Taranaki Daily News

Musician, businessma­n and promoter

- Graeme Duckett

Perhaps the most wellknown musician, businessma­n and promoter in Waitara’s history is Colin King.

Colin’s real story has never been told, and I’ve had the pleasure of talking in depth to Colin about his amazing life and career.

Born in Fitzroy in 1935 to Henry and Mavis King, Colin attended Fitzroy Primary school until his parents shifted to Brixton near the Waiongana Bridge. Colin biked to Waitara Central School at the age of 8.

Colin always had a love of music, his mother was a very competent pianist, yet his father couldn’t whistle a tune.

The family shifted into Waitara to Cracroft St, Colin started music lessons at the nunnery on Memorial Place.

Starting at 7.30am he spent 10 months learning to play

Remembranc­e, he says.

‘‘Any mistake meant a ruler or pencil across my knuckles,’’ Colin remembers vividly. ‘‘I swore I’d never ever play that piece of music again after that, she was cruel.’’

‘‘At high school I was a keen boxer and loved all sports. I wanted to be a Phys Ed teacher, but was called into the headmaster’s office and told, ‘You’ll never be a Phys Ed teacher Colin. You’ve got to be a teacher first. You’ll never be any good, you haven’t got the brains for it.’ That was a real put down.’’

Colin left school and started as an apprentice mechanic in the garage behind Mac McCallum’s petrol station in McLean St. Though keen on fixing engines his music got in the way.

‘‘After about three months I was struggling keeping up with playing at dances six nights a week and working as a grease monkey. We played at Opunake, Waverley, Mo¯ kau you name it. Mum said, ‘You have to make up your mind whether you want to be a mechanic or a musician’. I was paid 30 bob ($3) a week as a mechanic and earned 27/6d ($2.75) a night in the band, so I took the better paying job.

‘‘Must have been meant to happen as the garage was sold soon

after, and I took up music for a living.

‘‘I got a job with Ian Murray as a delivery boy. The hours worked for me and it gave me a bit of extra money. Ian was a great businessma­n and the staff were great to work with.’’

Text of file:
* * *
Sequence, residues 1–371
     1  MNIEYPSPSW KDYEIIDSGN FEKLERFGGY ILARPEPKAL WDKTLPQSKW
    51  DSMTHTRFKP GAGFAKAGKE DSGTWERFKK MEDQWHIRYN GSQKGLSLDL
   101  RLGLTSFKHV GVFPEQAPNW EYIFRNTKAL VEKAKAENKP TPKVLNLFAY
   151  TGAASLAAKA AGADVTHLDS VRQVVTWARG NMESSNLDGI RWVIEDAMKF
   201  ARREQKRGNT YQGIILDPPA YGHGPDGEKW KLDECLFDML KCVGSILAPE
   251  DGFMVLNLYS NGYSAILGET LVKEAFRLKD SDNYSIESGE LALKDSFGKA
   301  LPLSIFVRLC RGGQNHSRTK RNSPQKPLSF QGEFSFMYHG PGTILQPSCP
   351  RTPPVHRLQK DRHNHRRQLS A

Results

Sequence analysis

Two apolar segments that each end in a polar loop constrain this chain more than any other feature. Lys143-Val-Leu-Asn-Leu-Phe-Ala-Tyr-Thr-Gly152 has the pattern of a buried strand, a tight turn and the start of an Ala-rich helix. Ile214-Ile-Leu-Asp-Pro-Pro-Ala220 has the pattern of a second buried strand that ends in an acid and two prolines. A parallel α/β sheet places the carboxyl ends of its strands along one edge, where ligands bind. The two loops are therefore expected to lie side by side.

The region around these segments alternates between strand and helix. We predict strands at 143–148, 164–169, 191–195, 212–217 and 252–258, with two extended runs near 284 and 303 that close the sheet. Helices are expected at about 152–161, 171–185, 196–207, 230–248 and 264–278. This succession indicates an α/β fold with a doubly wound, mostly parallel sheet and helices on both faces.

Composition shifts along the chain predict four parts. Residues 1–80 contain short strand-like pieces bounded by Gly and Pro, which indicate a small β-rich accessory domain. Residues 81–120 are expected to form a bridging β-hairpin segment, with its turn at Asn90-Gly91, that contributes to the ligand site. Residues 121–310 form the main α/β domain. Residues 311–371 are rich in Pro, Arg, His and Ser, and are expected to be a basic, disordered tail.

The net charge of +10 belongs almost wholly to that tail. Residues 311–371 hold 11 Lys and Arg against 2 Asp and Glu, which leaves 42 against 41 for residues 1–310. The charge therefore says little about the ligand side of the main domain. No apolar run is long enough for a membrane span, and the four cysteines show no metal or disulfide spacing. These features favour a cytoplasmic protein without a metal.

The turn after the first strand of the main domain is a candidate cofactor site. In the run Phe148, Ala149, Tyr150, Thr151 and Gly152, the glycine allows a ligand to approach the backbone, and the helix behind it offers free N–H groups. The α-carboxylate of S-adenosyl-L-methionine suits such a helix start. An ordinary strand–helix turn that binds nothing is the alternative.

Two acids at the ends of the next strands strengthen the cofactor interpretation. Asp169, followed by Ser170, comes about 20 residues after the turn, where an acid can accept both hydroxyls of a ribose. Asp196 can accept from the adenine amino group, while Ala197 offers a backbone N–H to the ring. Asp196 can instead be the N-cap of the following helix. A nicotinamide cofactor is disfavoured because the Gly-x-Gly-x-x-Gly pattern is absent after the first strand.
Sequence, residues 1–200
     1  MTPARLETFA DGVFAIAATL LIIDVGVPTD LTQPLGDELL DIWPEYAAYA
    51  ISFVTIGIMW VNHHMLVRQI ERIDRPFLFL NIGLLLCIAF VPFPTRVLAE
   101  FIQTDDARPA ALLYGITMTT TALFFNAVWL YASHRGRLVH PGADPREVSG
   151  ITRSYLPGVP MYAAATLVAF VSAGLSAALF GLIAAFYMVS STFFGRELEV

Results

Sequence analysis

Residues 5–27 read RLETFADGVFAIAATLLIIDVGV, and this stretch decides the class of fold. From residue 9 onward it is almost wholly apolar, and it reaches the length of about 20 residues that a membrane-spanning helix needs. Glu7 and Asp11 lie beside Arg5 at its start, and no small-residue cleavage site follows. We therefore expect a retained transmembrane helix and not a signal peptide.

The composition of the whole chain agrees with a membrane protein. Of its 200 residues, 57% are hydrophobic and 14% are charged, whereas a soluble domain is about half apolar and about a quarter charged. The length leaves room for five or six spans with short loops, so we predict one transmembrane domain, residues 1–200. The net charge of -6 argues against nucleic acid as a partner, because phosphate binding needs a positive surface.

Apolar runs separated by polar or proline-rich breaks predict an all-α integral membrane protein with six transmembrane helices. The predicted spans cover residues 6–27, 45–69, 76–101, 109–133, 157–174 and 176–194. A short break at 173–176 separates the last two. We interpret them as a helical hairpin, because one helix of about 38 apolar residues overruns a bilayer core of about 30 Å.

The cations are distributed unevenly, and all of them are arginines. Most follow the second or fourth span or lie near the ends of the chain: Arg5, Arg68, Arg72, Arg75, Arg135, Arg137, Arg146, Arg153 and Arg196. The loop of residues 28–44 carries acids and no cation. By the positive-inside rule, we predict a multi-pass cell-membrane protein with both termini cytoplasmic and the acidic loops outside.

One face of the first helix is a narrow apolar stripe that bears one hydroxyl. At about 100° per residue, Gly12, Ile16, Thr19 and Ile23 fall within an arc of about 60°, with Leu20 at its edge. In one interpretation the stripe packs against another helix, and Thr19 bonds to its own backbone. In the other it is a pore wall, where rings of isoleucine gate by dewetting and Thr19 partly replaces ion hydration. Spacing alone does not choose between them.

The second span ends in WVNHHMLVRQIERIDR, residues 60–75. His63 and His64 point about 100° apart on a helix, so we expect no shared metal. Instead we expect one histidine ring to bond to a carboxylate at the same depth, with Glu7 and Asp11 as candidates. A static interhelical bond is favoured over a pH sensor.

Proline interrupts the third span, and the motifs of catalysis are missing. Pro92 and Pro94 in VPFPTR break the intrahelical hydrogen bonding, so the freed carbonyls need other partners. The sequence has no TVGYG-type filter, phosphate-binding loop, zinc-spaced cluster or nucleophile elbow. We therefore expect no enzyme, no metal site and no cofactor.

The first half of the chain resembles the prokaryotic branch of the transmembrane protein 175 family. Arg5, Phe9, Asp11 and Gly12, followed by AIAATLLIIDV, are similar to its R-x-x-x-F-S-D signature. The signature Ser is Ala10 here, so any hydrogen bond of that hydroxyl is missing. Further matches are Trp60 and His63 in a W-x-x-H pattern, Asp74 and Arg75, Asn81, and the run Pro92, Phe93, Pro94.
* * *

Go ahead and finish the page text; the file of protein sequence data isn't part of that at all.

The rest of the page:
Many will remember Ian Murray, Norvin Chew, Ian Wilson, Anne Zeier, Frank Sharrock and Lesley Skelton who worked there.

Colin’s first gig was playing piano with Charlie Bailey on saxophone and Donny White on the drums at the dances at the Kairau Pa.

He then played piano with The Harmoniser­s’ original members, Bert Sharrock on piano accordion and Bob Crow on drums.

This was the beginning of Colin’s remarkable career.

Bob Thompson had a record and appliance shop in McLean St and Colin would call in after school to check out the latest recordings.

After Bob’s disastrous fire in 1957 when his shop burnt out, Bob, seeing how keen Colin was on music, offered to help him into his own business giving him valuable contacts and suppliers’ names.

Part of the deal with the record company was that Colin had to be an appliance agent.

‘‘Waitara needs a record shop,’’ Bob told Colin.

So, in 1957 when he was 22 years old, Colin set up shop in half of a building in Queen St.

Bob Thompson had access to American dollars that he offered to Colin to buy a new Falcon station wagon, Colin says. You needed overseas funds back then. .

Many of you will remember the lovely cabin cruiser boat Colin had called Miss Marlin.

‘‘I went half shares with my father to get it,’’ Colin says.

‘‘It was a double laminated kauri boat. We got it in Auckland. The crowd we bought it off delivered it down to Te Awamutu and we towed it home from there.

‘‘My father was the commodore of the Waitara Boat Club then. He shifted the observatio­n tower that’s there today onto the site. With the help of Peter Van Praagh, Owen Woods, my father and myself, we put the slipway in on the seaward side of it.’’

In 1957 Colin was the youngest member in the Rotary Club, and one of the original members of the Town and Country Club.

A little known fact is Colin introduced Johnny Devlin as the Elvis Presley of New Zealand in Whanganui.

The venue was booked, posters plastered around the place, and Colin gets a call from Johnny saying ‘‘I can’t make it.’’

Colin said ‘‘You’d better make it or I’m going to sue you, it’s all booked, tickets are sold, you’re going on stage, you’d better be here.’’

Johnny did turn up on the bus on time in his blue jacket with his guitar draped over his shoulder, and took to the stage wowing the crowd. He and Colin became good friends after that.

■ Next week: Part II of Life of Colin King.

 ??  ?? The Harmoniser­s, from left, Bob Crow, Neville Goble, Lou McDonald and Colin King.
The Harmoniser­s, from left, Bob Crow, Neville Goble, Lou McDonald and Colin King.
 ??  ?? Colin King amongst The Harmoniser­s.
Colin King amongst The Harmoniser­s.
 ??  ?? Bob Crow, Bill Crisp and Colin King.
Bob Crow, Bill Crisp and Colin King.

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